After that, it was a game of runs, as Miami (3-5-2) scored the next four goals.
The RedHawks tied it with 3:29 left in the frame when Anthony Louis carried the zone, skated along the boards and centered a pass to Josh Melnick, who one-timed the puck home from the high slot.
Miami took the lead on an innocuous wrister by Scott Dornbrock from along the boards that Conor Lemirande redirected home 6:23 into the second period.
Dornbrock picked up another assist when he slid a pass to Louis in the high slot, and Louis buried a shot to the stick side for his 100th career point with 10:09 remaining in the frame.
Just 34 seconds later, the Louis penetrated uncontested and roofed a backhander from the center of the faceoff circle on the short side to make it 4-1.
But UNO cut the lead to two prior to the second intermission, when Steven Spinner stole a Louis pass, skated the length of the ice along the boards and connected with trailing defenseman Joel Messner, who buried a shot to cut the deficit to two.
Jake Randolph made it a one-goal game 83 seconds into the final stanza on a tip-in off a blue line wrist shot by Messner.
The Mavericks tied it when Spinner picked off a Melnick pass in the neutral zone, skated in and went top shelf for a shorthanded goal with 14:13 left in regulation.
That ended the night for Miami goalie Ryan Larkin, the RedHawks only goalie used this season to that point, as he gave way to freshman Chase Munroe, who made his MU debut.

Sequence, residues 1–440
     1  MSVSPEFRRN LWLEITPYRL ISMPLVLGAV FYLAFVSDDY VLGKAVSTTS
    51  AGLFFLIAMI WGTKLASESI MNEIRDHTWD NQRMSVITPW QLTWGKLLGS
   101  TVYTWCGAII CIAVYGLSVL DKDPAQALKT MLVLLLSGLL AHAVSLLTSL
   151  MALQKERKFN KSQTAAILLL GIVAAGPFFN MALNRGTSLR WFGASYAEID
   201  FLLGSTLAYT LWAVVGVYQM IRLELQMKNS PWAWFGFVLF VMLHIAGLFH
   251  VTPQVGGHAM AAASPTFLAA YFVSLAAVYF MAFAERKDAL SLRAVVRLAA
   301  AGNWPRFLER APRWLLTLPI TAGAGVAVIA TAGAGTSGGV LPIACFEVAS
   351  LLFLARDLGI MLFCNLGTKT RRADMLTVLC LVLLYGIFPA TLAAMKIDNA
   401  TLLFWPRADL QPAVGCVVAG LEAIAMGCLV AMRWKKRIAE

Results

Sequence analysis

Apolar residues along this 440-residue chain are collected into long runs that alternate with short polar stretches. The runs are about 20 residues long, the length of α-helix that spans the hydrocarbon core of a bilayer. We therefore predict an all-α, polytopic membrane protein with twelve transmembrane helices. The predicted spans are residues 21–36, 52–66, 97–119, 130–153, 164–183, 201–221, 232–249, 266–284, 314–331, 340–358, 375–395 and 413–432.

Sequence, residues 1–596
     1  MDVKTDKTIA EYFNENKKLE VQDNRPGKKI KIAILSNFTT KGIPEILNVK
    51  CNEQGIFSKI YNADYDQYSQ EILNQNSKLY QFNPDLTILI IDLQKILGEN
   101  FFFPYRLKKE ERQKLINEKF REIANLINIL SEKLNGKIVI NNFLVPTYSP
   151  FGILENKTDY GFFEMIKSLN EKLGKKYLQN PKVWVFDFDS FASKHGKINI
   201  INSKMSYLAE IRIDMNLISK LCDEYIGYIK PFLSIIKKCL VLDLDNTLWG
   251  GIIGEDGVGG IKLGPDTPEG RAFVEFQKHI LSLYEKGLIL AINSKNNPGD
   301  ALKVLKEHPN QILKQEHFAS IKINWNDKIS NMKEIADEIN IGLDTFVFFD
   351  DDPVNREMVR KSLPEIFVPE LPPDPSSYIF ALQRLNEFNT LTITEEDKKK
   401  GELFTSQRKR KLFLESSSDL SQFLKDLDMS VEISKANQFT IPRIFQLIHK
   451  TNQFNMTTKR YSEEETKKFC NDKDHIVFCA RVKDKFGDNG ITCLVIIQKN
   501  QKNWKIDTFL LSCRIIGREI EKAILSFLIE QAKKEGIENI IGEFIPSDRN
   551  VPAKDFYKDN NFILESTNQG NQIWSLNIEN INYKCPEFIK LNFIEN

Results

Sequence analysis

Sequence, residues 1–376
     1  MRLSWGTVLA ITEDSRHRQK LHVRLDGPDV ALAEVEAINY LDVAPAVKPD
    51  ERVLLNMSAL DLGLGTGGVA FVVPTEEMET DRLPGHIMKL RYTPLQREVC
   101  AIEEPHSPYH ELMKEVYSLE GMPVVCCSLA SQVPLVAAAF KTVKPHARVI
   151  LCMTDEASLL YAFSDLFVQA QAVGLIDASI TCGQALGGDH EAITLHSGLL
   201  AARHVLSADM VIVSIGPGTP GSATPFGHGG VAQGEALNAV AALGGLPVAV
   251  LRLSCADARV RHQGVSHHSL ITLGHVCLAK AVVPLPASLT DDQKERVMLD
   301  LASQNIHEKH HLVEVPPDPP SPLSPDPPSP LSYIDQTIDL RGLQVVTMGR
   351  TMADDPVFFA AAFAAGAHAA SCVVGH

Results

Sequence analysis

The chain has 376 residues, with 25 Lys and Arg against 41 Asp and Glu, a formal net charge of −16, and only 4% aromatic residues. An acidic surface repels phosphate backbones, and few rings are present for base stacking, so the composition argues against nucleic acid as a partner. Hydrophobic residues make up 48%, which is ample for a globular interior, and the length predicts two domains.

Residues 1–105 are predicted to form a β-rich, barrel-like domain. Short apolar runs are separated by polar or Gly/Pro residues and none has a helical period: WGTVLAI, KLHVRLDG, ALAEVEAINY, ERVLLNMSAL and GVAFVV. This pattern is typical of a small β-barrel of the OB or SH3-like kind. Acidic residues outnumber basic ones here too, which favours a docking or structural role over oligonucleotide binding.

Munroe was greeted rudely, as Luc Snuggerud’s slap pass from the blue line found the blade of David Pope’s stick for a redirection goal that gave UNO a 5-4 lead with 8:05 to play.
The Mavericks sealed it when Morelli scored an empty netter after Austin Ortega intercepted a Louis centering pass from behind the net.
The RedHawks have surrendered 17 goals in their last three games and have been outscored, 9-0 during their current four-game skid.
Louis finished with three points, giving him 101 for his career and a team-high 14 on the season, including a Miami-best nine goals. All of his points have come in the last eight games.
Melnick recorded a goal and an assist for his first multi-point game of the season, and Dornbrock ended the game with a pair of helpers, his first two-assist game since Jan. 29.
Miami drops to 0-3 in the NCHC.
The series finale will be at 7:05 p.m. on Saturday.